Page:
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Into the Wild


Adventurous world travelers are often slowed down when they marry and have kids, but Manhattanite Kourosh Mahboubian merely changed course.  After a childhood spent traveling, he co-founded an adventure travel company, Mad Dog Expeditions. Now the father of three, he recently pioneered an adventure club for children, Wild Blue.

The club is a family affair and a labor of love. Mahboubian says his daughter, Nilou, 9, and son, Julian, 6, are contributors, and his wife, Sara Green, the mother of Dylan, 4 months, is an “unofficial partner”. (Green is the founder and executive director of Art for Refugees in Transition, a non-profit organization that helps refugee communities).

Mahboubian’s goal is to enrich the lives of kids, offering them unique first hand experiences. Many of the participants in Wild Blue’s classes are from the Upper East Side, where the company is headquartered, but he wants kids to travel further afield, whether in actual adventures or simulated trips.  For example, one class, “Around The World In 8 Weeks”, takes youngsters on an imaginary hot air balloon ride to a different weekly locale.  Kids ‘travel’ to India where they smell and taste different spices; in Africa, they learn traditional dances and drumming.  “Fairy Tales Around the World” uses myths as a starting point to explore different cultures; costumes are a big part of this class.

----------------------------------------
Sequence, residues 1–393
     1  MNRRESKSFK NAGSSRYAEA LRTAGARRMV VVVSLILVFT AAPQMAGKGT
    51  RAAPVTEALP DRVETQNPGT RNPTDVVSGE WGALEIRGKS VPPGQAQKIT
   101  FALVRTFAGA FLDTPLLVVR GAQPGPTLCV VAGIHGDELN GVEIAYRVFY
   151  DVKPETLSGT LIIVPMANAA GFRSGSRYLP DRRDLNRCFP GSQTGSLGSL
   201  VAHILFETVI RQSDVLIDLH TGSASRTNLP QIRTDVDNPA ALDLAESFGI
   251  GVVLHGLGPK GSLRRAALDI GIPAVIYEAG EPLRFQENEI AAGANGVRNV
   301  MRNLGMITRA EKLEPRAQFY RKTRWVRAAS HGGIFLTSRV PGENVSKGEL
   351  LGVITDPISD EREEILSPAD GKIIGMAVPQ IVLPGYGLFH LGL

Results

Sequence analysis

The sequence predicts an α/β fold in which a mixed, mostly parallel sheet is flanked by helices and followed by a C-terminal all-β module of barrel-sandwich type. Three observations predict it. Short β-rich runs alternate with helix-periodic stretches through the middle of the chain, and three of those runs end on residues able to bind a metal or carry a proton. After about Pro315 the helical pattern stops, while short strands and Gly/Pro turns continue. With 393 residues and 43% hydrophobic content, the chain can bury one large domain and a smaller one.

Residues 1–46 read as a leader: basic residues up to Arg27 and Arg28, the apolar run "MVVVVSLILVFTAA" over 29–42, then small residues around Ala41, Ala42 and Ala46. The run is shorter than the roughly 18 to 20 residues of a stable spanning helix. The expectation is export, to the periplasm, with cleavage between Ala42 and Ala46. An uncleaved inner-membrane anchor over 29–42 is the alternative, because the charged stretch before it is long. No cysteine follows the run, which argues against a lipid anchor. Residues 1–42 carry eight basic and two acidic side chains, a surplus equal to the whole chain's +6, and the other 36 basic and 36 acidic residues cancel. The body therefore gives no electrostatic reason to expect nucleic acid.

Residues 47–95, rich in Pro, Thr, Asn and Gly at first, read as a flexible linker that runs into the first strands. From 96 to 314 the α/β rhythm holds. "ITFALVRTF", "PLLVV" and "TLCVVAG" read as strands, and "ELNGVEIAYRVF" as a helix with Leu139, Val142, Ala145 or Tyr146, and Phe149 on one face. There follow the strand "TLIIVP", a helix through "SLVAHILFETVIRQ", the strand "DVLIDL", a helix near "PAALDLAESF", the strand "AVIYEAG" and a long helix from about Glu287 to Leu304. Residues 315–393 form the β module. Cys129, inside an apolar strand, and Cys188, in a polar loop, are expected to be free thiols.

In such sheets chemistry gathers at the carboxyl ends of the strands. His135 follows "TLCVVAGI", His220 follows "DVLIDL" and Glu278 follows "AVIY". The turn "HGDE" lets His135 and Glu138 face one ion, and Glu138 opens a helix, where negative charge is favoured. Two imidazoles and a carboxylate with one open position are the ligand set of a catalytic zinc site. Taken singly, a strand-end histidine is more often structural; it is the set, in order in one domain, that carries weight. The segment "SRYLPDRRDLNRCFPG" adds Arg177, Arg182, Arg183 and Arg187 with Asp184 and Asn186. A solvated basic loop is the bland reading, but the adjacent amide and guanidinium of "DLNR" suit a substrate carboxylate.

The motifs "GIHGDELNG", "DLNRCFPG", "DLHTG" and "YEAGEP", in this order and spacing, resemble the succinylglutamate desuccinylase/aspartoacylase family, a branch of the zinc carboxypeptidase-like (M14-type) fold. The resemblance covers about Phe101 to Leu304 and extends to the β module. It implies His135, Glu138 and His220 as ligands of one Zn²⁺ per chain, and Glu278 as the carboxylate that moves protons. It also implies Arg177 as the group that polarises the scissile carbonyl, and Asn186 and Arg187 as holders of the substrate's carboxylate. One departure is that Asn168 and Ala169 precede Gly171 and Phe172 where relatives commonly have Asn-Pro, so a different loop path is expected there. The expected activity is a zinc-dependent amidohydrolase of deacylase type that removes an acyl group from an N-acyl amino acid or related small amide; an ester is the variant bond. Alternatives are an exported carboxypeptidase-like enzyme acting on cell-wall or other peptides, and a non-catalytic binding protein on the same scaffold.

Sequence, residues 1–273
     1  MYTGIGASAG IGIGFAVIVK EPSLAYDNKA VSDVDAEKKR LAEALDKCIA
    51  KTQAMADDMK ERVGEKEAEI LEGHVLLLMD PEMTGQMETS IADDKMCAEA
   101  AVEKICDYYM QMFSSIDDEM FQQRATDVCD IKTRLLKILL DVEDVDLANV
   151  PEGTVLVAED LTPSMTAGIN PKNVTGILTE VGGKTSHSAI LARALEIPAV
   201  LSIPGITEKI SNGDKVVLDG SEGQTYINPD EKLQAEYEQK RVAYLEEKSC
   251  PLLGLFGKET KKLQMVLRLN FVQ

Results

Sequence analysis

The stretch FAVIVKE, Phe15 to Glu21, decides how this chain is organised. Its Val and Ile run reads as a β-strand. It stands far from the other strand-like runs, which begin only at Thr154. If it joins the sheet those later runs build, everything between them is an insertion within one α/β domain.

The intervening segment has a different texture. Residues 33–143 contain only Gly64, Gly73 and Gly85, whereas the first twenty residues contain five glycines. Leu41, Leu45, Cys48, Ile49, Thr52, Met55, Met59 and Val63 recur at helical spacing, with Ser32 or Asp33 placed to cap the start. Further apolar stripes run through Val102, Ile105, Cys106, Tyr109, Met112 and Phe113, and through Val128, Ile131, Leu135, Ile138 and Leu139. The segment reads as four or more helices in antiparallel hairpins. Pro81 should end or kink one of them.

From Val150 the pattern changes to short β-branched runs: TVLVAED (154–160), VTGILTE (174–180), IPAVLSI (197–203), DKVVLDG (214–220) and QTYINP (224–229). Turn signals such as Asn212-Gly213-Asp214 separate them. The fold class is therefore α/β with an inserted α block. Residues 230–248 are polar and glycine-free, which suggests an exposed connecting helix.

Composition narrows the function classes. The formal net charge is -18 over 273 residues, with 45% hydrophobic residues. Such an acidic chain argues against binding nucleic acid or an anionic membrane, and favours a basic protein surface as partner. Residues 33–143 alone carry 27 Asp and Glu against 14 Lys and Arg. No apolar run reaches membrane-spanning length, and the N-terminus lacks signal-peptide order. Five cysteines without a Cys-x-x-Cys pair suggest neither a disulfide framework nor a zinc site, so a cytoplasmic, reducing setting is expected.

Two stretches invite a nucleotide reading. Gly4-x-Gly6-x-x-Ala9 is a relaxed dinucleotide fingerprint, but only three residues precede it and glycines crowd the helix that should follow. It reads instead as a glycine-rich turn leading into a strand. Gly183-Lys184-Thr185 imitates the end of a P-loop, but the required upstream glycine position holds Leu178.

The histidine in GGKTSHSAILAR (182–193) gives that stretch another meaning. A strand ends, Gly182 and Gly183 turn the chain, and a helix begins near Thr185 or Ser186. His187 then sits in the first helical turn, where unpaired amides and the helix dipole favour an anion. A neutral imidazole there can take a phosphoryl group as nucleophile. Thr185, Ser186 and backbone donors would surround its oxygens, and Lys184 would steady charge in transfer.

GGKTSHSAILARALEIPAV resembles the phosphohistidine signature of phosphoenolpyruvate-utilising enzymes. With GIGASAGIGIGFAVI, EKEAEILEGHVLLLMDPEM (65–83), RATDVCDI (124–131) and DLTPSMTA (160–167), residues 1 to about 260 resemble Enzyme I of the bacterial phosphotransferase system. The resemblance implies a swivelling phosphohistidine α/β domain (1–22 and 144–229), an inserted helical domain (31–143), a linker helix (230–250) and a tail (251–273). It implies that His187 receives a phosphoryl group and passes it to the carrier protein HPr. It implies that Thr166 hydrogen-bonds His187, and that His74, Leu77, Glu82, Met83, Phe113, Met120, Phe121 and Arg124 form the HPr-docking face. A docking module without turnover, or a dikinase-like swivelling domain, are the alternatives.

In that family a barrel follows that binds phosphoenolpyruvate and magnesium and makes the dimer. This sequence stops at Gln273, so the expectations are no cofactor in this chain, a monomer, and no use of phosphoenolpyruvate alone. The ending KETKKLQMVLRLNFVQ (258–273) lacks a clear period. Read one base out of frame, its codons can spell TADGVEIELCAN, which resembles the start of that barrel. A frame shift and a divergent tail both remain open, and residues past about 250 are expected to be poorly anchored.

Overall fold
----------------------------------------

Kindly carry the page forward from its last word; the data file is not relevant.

For older kids, there are classes in documentary filmmaking, photojournalism and news writing.  A class for preteens, “Pop Culture Planet”, introduces kids to their peers around the world, using celebrities, sports, music and movies as the hook to expand horizons beyond text messaging the cute boy in math class.

There are also special weekend events for families, with field trips to parks and museums.  The Wild Blue space has computers that kids use to learn about different cultures, huge maps on the wall, and a multi-purpose room where they might engage in crafts from other cultures, science experiments, cooking classes or other messy projects.  There is even a small outdoor space where children can learn adventure skills such as knife safety, shelter building and fire making.  While this might sound like the Boy Scouts, Mahboubian stresses that his classes have an emphasis on world culture and exploration.

Wild Blue encourages families to embark on adventures. Its Piccadilly Circus weekend drop-in events teach families about geography and world cultures. And Mahboubian plans several major family expeditions a year — trips where families can explore the world together.

Wild Blue is at 401 East 76th Street. To find out more, call (212) 628-3582 or go to www.wildbluekids.com.



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